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Kanem was situated north east of Lake Chad. Its early origins are thought to lie in the 7th century with the settlement of the Zaghawa people. In the early 11th century, the Kanuri-speaking Sefawa dynasty was established, displacing the Zaghawa.
There appears to have been a corresponding shift in lifestyle from being entirely nomadic to combining a pastoralist way of life with agricultural cultivation. The state became more centralised; a place called Njimi was thought to be its capital. Nobody knows its exact location.
ISLAM AND TRADE
Kanem converted to Islam under the ruler Hu or Hawwa (1067-71). There is some speculation that this ruler might have been a woman. But the faith was not widely embraced until the 13th century. Certainly, Muslim traders would have played a role in bringing Islam to Kanem.
The wealth of Kanem derived from the ability of its rulers to control trade in the region. Their main exports were ostrich feathers, slaves and ivory. Their exports were crucial to their power and ability to dominate their neighbour. They rode horses, which they imported from the north.
In addition to trade, there seems to have been a good deal of formal exchanges of presents between the kings of Kanem and the sultans of the north. Most memorably, a giraffe was presented by the king of Kanem and Bornu to the Hafsid Sultan al-Mustansir of Tunis in the 13th century.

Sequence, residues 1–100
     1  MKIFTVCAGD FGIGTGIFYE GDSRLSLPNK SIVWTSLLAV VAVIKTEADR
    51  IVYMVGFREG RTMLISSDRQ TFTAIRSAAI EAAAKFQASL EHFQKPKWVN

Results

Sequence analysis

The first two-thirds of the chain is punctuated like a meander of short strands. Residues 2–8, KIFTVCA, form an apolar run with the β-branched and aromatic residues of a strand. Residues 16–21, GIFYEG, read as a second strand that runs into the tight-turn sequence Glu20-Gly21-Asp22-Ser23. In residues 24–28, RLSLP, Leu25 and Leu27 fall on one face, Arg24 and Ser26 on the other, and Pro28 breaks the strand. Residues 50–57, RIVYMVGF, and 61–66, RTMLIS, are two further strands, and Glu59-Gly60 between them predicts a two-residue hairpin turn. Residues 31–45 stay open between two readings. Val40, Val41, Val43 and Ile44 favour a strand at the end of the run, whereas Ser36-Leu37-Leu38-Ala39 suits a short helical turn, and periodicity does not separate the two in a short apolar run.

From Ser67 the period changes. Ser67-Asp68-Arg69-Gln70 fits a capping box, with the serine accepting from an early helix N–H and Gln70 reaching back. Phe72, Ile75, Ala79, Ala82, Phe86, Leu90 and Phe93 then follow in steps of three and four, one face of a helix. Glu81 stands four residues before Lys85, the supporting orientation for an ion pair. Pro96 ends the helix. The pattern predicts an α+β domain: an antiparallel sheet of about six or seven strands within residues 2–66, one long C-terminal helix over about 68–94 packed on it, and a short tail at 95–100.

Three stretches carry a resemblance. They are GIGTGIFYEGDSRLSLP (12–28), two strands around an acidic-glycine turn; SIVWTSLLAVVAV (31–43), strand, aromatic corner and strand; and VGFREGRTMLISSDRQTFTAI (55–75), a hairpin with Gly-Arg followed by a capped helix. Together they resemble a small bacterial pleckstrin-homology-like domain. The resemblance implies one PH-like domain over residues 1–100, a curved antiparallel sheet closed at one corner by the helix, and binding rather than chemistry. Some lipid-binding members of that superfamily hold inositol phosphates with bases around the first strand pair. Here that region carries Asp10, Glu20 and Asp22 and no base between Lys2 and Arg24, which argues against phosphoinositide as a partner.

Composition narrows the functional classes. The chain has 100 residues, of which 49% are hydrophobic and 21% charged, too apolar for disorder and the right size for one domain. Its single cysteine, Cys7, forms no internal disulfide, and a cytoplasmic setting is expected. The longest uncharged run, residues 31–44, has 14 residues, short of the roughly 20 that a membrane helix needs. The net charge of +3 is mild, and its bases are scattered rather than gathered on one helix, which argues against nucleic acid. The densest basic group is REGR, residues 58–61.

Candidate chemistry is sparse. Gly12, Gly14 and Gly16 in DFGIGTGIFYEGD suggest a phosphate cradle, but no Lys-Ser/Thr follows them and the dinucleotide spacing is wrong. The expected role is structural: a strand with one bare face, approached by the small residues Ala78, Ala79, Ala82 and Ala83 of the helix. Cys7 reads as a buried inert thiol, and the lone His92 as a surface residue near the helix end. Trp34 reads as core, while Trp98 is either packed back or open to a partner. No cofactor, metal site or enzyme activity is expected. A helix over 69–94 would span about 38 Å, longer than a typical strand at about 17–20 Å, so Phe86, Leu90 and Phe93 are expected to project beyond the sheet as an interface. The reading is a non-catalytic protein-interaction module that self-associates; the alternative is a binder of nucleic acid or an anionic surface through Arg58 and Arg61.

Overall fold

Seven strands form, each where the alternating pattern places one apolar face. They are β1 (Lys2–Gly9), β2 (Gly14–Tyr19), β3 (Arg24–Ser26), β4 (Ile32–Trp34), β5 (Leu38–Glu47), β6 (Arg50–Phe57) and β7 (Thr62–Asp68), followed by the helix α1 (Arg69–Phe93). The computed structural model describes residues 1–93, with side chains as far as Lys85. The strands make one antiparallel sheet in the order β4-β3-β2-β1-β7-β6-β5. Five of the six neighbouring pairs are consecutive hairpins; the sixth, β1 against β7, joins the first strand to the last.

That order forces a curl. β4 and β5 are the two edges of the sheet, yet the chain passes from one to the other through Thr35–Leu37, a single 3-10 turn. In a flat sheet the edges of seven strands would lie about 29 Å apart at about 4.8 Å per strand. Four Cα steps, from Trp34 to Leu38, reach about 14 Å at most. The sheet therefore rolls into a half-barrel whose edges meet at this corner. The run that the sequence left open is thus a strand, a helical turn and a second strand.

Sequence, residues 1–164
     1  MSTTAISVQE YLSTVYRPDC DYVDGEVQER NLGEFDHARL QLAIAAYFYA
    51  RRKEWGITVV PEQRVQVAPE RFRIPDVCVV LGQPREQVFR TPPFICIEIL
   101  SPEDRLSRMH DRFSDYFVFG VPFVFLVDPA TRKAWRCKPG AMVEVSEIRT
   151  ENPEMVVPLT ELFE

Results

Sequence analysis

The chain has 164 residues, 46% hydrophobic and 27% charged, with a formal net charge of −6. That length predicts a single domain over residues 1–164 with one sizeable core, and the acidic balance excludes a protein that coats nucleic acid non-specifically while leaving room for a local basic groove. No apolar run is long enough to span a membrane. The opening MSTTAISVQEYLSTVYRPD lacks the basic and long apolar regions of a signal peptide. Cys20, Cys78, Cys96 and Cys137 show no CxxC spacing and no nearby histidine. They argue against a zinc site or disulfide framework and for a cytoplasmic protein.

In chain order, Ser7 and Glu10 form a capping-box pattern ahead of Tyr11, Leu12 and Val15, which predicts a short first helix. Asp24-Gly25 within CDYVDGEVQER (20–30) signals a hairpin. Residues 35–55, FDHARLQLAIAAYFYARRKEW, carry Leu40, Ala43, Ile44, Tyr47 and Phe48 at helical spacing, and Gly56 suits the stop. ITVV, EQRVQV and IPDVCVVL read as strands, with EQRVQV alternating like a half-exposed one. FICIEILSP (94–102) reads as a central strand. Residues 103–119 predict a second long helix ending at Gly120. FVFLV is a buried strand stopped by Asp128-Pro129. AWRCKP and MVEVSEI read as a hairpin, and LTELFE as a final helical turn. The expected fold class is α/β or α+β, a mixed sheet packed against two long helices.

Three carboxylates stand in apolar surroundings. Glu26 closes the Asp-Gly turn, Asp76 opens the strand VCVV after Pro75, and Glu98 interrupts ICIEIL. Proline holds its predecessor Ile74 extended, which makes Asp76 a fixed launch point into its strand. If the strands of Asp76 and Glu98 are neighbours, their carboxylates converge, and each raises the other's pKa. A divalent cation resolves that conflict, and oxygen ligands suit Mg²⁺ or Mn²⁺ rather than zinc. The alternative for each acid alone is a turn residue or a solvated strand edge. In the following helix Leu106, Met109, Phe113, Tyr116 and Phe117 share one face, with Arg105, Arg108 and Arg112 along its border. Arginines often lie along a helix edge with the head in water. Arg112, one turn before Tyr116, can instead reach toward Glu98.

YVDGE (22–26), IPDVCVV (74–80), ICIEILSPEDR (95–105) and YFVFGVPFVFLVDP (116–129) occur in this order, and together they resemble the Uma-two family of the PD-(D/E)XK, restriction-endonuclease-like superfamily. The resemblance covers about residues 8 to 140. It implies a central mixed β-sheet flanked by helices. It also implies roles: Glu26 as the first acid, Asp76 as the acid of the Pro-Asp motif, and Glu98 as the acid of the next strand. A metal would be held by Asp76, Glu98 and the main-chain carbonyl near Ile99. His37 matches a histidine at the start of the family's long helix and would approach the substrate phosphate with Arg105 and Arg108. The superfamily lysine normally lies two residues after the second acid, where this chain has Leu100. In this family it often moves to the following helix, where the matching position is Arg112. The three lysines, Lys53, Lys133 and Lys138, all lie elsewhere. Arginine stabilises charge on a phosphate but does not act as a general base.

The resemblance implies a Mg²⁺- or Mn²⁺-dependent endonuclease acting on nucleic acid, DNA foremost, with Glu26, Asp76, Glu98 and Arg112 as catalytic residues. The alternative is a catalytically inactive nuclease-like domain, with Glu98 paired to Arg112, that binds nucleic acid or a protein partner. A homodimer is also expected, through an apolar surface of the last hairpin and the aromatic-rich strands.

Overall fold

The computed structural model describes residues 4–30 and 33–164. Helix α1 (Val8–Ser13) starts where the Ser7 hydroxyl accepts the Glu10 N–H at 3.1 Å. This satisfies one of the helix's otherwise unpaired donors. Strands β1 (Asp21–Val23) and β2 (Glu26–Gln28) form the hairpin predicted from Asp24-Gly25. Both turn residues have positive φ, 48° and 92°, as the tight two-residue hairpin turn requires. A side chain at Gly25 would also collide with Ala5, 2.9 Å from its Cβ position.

HEIGHT OF POWER
Kanem reached the height of its power under the long rule of Mai Dunama Dibalami (1210-1248). His cavalry numbered over 40,000. But over the next hundred years, a combination of overgrazing, dynastic uncertainties and attacks from neighbours led the rulers of Kanem to move to Borno, which had previously paid tribute to Kanem. At this point, the state is sometimes referred to as Kanem-Borno.
The move to Borno brought new trading partners in the form of the Hausas, (based in what is now northern Nigeria) and closer contact with the Muslim world. Borno became a centre of learning and scholarship.
In the latter part of the sixteenth century, the army of Borno was modernised and expanded. Firearms (still relatively new in Europe) were imported from North Africa and Turkish mercenaries were recruited. The decline of Borno in the 18th century is not at all well documented. However, it appears to have been gradual and in the main peaceful.
There are a number of descriptions of Kanem-Borno by Arab writers. Several allude, confusingly, to it being near the Nile. In fact, the Nile is over 1,000 miles east of Lake Chad where Kanem was situated.
Click here to listen to the Emir of Zazzau in Zaria, northern Nigeria, talking about his office. Followed by a song, performed by court musicians, reminding the Emir of his distinguished ancestry